What does feel strange is that I’m now stepping out of my comfort zone in terms of understanding what’s going on around me. I’m completely reliant on people speaking English, which hasn’t been an issue till now as I speak reasonable German and enough French to enable me to order baked goods and beer, and a bag to carry them to the train in.

But Hungarian is different. There are no similarities between roots or sounds of words with Western European languages, I can’t even guess at what the signposts say. It’s making me feel a bit powerless and out of my depth (I’m nosy and like to know what’s going on you see, and I’ve actually really enjoyed the chance to use my German over the last couple of days, translating everything I see – I suspect much to Dave’s annoyance).

So it’s nice that there’s two of us, and even though I still feel a little bit nervous now, and a little bit scared even, you know that isn’t going to stop me exploring!

Weather: Beautiful clear sunny skies and 5 degrees today!

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Filed under Europe, Hungary, Railways, Travel

Icelandic moles have a lot to answer for

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Katie’s personalised numberplate!

Disappointingly today, The Icelandic Met Office promised us sunshine and clear skies. We got fog. All day. Pfft. But despite this we got in our hire car and toodled off to explore. Today I have learnt several hazards of driving that are important in Iceland:

1. Beware of unexpected animals

2. Beware of ducks crossing (these are expected, so are entitled to a separate category from the above)

3. British drivers should note that they can’t change gear by shoving their left hand at the door.

These weren’t the only entertainments of our journey out to Siglufjörður via Dalvik, and Héðinsfjarðar. I was given two new hats! Here I am modelling one of them in Dalvik (if you’re lucky I’ll show you the others over the next few days).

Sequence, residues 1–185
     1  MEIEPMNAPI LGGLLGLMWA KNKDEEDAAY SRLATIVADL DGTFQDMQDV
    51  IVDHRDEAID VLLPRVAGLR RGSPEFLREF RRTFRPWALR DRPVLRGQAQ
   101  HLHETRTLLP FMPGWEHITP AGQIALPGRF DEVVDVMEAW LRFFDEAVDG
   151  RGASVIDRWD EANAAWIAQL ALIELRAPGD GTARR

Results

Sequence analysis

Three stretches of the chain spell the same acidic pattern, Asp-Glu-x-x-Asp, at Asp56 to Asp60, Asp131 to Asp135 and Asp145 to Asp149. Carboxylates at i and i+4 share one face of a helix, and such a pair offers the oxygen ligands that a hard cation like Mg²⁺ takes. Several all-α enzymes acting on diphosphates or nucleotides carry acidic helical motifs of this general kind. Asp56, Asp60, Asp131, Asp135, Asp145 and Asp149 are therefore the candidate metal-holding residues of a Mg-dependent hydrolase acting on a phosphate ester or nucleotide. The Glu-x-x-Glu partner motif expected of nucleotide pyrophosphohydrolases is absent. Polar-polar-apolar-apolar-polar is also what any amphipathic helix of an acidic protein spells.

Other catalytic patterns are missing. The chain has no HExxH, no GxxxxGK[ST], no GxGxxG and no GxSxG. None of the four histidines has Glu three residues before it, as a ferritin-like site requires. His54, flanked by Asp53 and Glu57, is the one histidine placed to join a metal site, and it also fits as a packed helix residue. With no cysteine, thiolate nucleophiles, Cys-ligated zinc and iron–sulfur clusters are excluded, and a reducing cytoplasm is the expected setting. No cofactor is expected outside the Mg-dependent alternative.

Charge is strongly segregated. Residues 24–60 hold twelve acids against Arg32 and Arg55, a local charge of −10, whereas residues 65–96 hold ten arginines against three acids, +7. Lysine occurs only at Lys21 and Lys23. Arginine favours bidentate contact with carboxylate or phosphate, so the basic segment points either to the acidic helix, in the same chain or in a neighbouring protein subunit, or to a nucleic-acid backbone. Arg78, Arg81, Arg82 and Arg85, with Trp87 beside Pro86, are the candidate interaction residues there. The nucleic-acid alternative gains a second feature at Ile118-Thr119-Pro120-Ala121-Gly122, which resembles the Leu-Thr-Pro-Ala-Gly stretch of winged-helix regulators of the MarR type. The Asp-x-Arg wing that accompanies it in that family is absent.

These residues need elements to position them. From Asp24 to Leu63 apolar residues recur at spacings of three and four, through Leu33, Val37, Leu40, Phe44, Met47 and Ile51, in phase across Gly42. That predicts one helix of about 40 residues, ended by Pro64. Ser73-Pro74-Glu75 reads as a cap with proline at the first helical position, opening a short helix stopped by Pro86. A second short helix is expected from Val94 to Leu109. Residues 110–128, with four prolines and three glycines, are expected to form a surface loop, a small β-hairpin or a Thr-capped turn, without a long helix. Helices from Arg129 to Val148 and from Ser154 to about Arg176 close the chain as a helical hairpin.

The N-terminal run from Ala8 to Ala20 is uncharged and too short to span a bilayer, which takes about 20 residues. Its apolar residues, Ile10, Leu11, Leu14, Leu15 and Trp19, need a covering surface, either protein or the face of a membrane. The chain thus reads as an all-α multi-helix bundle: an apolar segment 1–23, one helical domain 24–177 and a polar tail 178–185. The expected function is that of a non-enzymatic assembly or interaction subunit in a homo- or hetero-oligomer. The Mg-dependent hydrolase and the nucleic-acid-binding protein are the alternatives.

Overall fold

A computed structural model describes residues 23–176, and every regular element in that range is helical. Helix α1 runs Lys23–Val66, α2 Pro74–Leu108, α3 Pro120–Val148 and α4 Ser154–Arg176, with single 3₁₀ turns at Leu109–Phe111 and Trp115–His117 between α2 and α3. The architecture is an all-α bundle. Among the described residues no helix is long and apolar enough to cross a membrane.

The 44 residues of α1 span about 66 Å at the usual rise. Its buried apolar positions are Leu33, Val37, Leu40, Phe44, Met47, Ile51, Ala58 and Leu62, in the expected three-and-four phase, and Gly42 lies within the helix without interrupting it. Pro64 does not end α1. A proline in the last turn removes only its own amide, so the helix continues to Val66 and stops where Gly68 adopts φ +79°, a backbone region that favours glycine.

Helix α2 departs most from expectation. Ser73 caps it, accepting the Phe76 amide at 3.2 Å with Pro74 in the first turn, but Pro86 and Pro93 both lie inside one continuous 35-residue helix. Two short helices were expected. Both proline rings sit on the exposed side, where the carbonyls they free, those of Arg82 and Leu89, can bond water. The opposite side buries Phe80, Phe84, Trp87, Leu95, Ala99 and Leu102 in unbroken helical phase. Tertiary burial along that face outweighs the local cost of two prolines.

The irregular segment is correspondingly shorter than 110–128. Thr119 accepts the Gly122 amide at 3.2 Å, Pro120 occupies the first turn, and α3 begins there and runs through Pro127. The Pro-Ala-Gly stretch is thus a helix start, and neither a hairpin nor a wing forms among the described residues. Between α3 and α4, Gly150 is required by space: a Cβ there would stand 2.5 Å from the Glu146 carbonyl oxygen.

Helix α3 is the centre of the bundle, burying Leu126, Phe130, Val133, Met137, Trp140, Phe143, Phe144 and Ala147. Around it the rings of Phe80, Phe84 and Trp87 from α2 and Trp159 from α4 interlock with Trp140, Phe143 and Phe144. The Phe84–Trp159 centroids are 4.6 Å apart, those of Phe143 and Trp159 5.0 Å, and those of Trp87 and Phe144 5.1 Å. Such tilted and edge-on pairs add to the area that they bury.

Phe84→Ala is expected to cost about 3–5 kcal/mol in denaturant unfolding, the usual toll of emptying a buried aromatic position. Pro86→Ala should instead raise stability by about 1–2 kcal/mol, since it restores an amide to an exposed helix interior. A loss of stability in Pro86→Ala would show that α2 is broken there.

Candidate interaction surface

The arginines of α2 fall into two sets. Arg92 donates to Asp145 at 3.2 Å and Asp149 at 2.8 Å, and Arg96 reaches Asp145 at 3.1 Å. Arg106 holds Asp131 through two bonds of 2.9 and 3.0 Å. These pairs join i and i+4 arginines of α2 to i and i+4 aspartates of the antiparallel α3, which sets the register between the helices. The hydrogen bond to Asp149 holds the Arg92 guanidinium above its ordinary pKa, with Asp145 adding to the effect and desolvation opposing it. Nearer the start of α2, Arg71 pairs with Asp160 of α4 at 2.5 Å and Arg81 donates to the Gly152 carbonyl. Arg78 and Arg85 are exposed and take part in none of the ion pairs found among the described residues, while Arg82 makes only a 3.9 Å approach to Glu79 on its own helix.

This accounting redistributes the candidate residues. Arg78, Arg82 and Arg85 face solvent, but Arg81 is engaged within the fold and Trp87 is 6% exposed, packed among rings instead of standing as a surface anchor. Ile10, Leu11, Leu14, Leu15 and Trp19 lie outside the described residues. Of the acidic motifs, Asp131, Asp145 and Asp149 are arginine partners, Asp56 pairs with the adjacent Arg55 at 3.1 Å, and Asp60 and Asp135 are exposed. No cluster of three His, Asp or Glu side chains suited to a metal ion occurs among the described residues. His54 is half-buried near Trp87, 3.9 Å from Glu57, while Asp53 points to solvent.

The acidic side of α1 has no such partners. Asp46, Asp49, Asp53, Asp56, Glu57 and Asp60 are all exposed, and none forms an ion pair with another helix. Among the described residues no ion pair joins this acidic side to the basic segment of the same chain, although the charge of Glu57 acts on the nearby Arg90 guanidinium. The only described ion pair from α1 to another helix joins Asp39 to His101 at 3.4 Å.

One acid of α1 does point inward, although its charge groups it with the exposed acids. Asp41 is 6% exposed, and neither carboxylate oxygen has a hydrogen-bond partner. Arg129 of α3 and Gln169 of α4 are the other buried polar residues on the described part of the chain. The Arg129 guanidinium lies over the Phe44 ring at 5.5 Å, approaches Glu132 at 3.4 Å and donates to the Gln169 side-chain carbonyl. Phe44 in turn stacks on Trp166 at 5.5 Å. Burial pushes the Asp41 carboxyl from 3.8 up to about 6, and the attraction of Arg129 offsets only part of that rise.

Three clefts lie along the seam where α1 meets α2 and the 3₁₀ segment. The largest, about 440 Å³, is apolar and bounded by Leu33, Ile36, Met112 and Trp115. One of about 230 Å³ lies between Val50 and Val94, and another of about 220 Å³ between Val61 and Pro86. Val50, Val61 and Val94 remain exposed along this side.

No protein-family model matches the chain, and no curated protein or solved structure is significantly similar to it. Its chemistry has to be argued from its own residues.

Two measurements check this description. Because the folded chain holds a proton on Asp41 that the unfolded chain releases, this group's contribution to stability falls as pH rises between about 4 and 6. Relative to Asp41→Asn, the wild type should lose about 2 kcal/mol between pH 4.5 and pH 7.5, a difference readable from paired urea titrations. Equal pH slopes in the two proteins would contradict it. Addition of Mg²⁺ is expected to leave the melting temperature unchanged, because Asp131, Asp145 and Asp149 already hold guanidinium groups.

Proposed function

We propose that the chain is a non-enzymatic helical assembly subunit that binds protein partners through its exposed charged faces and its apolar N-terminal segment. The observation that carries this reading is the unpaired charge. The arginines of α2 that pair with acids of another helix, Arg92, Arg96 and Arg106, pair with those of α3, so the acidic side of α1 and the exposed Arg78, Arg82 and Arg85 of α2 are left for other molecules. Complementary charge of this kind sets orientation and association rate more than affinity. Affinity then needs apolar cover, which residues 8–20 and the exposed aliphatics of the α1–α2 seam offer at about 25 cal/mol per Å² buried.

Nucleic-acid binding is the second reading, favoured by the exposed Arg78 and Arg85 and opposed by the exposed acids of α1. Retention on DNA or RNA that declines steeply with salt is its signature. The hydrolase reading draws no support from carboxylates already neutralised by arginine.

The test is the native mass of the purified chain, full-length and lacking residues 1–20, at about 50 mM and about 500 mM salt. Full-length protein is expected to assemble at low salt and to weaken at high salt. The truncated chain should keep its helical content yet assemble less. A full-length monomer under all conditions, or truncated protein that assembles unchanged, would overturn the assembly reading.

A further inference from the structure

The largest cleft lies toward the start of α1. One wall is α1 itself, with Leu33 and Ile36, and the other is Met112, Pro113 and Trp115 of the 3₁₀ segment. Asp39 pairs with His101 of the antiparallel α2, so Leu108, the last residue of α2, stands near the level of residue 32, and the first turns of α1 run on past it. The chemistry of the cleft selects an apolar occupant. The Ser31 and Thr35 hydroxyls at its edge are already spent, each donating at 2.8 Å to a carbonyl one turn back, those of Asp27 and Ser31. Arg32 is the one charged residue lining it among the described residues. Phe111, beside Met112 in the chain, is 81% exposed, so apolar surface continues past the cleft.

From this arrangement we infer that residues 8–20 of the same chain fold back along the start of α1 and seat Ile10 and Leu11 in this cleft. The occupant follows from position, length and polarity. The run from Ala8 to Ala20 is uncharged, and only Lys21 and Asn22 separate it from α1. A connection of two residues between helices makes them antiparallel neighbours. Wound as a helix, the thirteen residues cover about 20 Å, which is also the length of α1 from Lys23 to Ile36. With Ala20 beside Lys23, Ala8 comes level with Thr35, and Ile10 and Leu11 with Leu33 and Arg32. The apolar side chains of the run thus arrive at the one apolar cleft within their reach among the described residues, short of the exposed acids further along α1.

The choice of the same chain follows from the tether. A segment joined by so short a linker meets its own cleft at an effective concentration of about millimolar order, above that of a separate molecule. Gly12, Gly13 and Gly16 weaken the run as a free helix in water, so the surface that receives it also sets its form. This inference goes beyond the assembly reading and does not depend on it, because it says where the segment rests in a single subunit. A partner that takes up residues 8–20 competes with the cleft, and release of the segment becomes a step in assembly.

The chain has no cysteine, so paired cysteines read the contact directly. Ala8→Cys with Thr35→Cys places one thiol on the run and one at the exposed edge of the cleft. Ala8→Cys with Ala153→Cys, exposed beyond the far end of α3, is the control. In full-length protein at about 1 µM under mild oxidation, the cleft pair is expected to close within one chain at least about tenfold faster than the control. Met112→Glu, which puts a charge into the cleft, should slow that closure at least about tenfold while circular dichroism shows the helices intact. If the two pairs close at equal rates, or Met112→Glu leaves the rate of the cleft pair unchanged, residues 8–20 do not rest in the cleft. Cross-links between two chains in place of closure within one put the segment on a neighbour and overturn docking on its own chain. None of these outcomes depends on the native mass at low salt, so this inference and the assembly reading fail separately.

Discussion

Hat Fashion Show 1

There were also the fancy, opened-only-this-week, Héðinsfjarðargöng. The Héðinsfjarðargöng are two tunnels, about 11km in total, linking the villages of Siglufjörður and Ólafsfjörður through the mountains, saving an otherwise approximately 2 hour trip around the mountains instead. Or longer in the winter when the local roads shut at the first snow, and you have to go round the number 1. They reckon it cost about 7-12 billion ISK, but it’ll mean the local populations of 1800 and 1000 respectively can effectively join together, share the same school and other resources, and won’t have to worry about getting snowed in. People can go home at the end of the day and of course the freight lorries (and freshly caught fish!) will be quite chuffed. It’s still a controversially high cost of course but made all the more exciting if you think half of that budget could have been spent on utilising giant genetically engineered moles to dig through the mountains. Which would have been cool.

Héðinsfjarðarvatn

Héðinsfjarðarvatn

The tunnels break in the middle at the lake of Héðinsfjarðar (above), which was pretty beautiful even in the fog that was hanging over the hills. In less natural-scenery news we also found this old Mercedes truck in Siglufjörður which despite the overgrowth looked like it was reasonably well looked after. Well, nicely polished at least…

Tomorrow it’s Husavik, Mývatn and the “Blue Lagoon of the North” (ie hot springs to lounge about in. I’m in). And for the metal fans among you, we’re also off to see Dimmu Borgir. More soon!

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Filed under Europe, Iceland, Travel